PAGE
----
The Doctor’s Daughter

Doctors Daughter

Author: Vanessa Matthews

Finished on: 3 November 2015

Where did I get this book: Sent to me by the author. As well as prompting discussions that end in book sharing, this blog has now also led to my being sent a book to review. I told you this is becoming a self-defeating exercise. The more I write about not buying books, the more I talk to people about books, and the more people give me books. It is fair to say that I am failing miserably at the endeavour behind this blog. I will never read my house dry. However, it is hugely exciting to be sent a book to review – a book very much up my street indeed – and so that is marvellous.

When I read A Thousand Splendid Suns, one of my favourite aspects of that book was the beautifully moving friendship between two of the female characters: a hugely underrated relationship in a lot of fiction. So, I was interested to read Matthews’s post  and we started a conversation on twitter that ended with her sending me a copy of this book.

As well as being exciting, it is also a bit stressful being sent a review copy. What if it’s rubbish? I couldn’t write a negative post on a book when she’d been kind enough to send it to me… But I really needn’t have worried.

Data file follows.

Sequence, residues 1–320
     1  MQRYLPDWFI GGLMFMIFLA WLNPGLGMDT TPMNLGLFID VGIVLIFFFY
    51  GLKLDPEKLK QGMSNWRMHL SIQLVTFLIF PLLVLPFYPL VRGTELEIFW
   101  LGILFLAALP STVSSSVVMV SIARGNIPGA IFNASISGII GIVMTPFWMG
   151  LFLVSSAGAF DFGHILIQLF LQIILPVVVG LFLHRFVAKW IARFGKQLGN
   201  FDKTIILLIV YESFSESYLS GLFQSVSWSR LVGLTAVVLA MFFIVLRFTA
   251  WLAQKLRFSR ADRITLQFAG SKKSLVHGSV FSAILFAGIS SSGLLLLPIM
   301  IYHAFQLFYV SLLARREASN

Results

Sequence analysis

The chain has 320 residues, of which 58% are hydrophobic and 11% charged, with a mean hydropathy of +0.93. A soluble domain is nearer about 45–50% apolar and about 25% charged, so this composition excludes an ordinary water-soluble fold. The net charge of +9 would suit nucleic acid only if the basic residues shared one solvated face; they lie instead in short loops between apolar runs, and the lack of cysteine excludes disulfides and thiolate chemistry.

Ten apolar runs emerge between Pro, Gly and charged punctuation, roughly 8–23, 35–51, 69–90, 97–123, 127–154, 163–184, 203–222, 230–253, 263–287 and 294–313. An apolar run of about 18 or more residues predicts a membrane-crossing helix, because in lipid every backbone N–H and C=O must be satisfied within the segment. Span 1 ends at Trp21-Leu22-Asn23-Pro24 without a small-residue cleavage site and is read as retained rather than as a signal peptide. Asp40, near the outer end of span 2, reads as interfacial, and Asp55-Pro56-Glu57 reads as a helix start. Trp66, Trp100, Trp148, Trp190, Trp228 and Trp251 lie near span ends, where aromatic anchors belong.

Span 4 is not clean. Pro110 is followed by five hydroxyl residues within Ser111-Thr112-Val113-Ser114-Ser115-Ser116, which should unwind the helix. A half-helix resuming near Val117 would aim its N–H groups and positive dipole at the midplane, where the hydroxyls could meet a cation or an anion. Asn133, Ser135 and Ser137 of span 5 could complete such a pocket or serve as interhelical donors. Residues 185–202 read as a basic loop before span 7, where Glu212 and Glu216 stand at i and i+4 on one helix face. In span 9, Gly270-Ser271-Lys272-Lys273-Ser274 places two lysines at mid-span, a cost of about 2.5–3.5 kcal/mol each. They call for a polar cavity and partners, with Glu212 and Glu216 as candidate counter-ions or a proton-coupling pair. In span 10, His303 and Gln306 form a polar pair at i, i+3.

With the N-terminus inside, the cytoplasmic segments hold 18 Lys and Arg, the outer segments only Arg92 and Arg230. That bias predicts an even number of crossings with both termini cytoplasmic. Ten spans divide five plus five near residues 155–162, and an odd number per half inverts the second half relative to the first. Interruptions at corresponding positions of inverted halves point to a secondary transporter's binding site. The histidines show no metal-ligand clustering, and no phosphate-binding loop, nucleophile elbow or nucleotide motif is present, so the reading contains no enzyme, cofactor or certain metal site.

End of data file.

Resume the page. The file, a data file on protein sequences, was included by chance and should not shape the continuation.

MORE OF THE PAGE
This is a very good book. It is a dark, disturbing story tailor-made for my weirdly horrible leanings when it comes to subject matter: madness, psychology, manipulation, dark deeds, secrets to be uncovered, and a denouement that left me feeling slightly sick. I also read it over Halloween, which was most appropriate.

The book is set in 1927, in Vienna, when women have been granted to right to vote and the world is changing. Despite this backdrop, or maybe even because of it, it is enormously frustrating to see the extent to which Marta, the unusual and engaging protagonist of the story, relies on the men around her. It is no doubt an accurate depiction of the vast power differences in male/ female relationships at that time. But the dramatic irony is almost too much to bear at some points, as we see Marta being used and abused by the ruthless men around her.

The book contains some fascinating description of theories and developments in psychology, and psychiatry, at that time. And how these developments could be bent and shaped to reinforce the prejudices of those with the control: the doctors. There is an enormous and terrifying power that comes with the ability to declare another person mad. And it makes for uncomfortable reading. Matthews takes us to some pretty dark places before she’s done with us in this book.

And I for one wouldn’t have it any other way.

Recommended reading. Ideally on a purple chaise longue. At Halloween.

Purple chaise


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